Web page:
“And shut up, will you?” Winry called from where she was. Edward whirled, but clenched his teeth, took a deep breath, and went back to the patch he was working on.

Alphonse was going to get a very thorough complaining out of Edward the next time he saw him.


Terms an' stuff...

Engagement: In the written articles (rules) of many pirate crews, an attack on another ship is commonly referred to as an engagement.

Square-Rigger: Some of the largest ships afloat during the time period this story is supposed to take place, a square-rigger is a huge three-masted ship that is pretty slow, but supports a LOT of firepower and could hold a crew much larger than many other ships. They were usually used by merchants and were common targets for pirate attacks.

Gulley: A common-issue short sword, with a blade about as long as from your elbow to your wrist. Used by pirates and common seamen alike

Boatswain: An officer of sorts. Pirate crews had more than one usually; they rank just below the first mate, and their job is to keep the decks clean and maintain the sails and rigging.

Brace: I'm still a little confused on the term "brace of pistol," but I think it just refers to a loaded pistol in its holdster.

Cutlass: Weapon of choice for the pirate that could get one. A long, single edged and slightly curved sword designed for hacking at an opponent rather than fencing with him.

Boarding Net: Simply a large net made of heavy ropes and weighted down on the edges that pirates often dropped on the crews of ships they attacked to spread confusion.

Throwing a dead captain overboard: When a pirate was captured by the law, they were often hanged by thier neck until they died, then their bodies were hung above the sea in chains and a custom made iron cage they were measured for before their deaths, until their bodies rotted away, a process that usually took two to three years. No pirate ever wanted to suffer such an indignity, and many captains ordered thier crew to throw them overboard if they were ever killed in battle to avoid being hanged in chains.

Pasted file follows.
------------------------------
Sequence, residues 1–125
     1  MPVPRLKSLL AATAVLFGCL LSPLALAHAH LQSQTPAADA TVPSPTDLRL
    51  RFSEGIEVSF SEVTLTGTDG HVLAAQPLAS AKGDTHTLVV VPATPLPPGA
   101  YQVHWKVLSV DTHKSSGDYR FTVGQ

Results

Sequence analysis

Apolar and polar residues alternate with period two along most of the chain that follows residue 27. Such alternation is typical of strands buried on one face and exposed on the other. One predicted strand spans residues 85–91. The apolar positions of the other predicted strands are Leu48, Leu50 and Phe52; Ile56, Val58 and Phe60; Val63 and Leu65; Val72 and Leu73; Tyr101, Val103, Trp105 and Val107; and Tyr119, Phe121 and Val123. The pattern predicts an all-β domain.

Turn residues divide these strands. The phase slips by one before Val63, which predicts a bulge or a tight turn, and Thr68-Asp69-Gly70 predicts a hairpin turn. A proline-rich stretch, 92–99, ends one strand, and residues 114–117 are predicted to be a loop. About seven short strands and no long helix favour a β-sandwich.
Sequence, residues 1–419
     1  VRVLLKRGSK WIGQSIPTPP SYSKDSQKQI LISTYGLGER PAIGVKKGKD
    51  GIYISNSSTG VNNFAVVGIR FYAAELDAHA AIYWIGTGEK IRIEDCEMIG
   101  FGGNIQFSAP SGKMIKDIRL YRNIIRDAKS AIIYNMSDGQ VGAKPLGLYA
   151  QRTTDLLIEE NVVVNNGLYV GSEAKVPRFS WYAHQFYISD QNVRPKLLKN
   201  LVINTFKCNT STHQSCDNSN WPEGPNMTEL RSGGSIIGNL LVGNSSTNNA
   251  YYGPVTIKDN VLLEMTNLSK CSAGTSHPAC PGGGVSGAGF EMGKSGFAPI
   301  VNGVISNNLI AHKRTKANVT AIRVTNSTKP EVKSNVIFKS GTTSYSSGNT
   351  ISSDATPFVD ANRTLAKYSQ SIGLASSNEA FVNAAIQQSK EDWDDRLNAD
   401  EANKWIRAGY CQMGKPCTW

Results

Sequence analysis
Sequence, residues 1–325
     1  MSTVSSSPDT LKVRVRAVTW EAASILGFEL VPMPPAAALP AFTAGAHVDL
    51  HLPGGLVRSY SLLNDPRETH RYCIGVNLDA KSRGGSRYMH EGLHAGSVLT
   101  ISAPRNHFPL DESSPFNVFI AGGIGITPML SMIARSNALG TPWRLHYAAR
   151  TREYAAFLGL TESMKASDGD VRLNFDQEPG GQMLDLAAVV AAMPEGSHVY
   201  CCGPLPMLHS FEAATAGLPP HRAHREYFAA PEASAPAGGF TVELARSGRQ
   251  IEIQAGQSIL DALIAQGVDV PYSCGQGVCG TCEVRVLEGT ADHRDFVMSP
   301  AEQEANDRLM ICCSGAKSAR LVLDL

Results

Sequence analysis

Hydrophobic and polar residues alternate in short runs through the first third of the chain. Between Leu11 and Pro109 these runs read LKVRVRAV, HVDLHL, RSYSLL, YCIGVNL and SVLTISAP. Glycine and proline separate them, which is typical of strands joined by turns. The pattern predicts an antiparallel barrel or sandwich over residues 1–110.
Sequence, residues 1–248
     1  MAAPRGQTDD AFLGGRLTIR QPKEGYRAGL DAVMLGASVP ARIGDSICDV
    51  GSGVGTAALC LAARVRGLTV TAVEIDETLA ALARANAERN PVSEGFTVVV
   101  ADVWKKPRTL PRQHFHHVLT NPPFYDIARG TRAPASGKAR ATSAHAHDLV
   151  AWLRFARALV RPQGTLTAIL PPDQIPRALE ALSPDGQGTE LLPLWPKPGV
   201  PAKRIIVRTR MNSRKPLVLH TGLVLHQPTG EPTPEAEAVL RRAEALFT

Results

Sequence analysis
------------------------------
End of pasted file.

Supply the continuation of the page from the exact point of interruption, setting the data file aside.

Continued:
" doesn't seem you're going to sell us.": Pirates often didn't take prisoners, but if they did, they were usually sold off somewhere as slaves.

The "Sweet Trade": Pirate slang for a life of piracy.

Gunner: Thier position on the crew should be fairly obvious, and they were often the most prized members of a pirate crew.

Powder Monkey: Basically, someone who loads, primes, cleans, and pretty much takes care of all the guns and cannons on board. They're about the same rank and status as a cabin boy. Al's got his work cut out for him.

Carpenter: Usually a rather unsung member of the crew, but every crew had one. They had to. Carpenters quite literally kept the ship afloat.

Surgeon: Not every ship had one, but sometimes one was captured and put (sometimes forcefully) to service. They didn't perform very major surgery, but they would remove shrapnel, bullet holes, grapeshot (small cannon shot, basically buck shot for a cannon), etc.

Why Ed assumes Winry to be a man: A rather well-known fact even now was that it was considered bad luck for a woman to be on board a ship, let alone hold a position on one.

Pitch: Basically tar. Used to fill the cracks between the planks the ship is made of.

... what have I gotten myself into??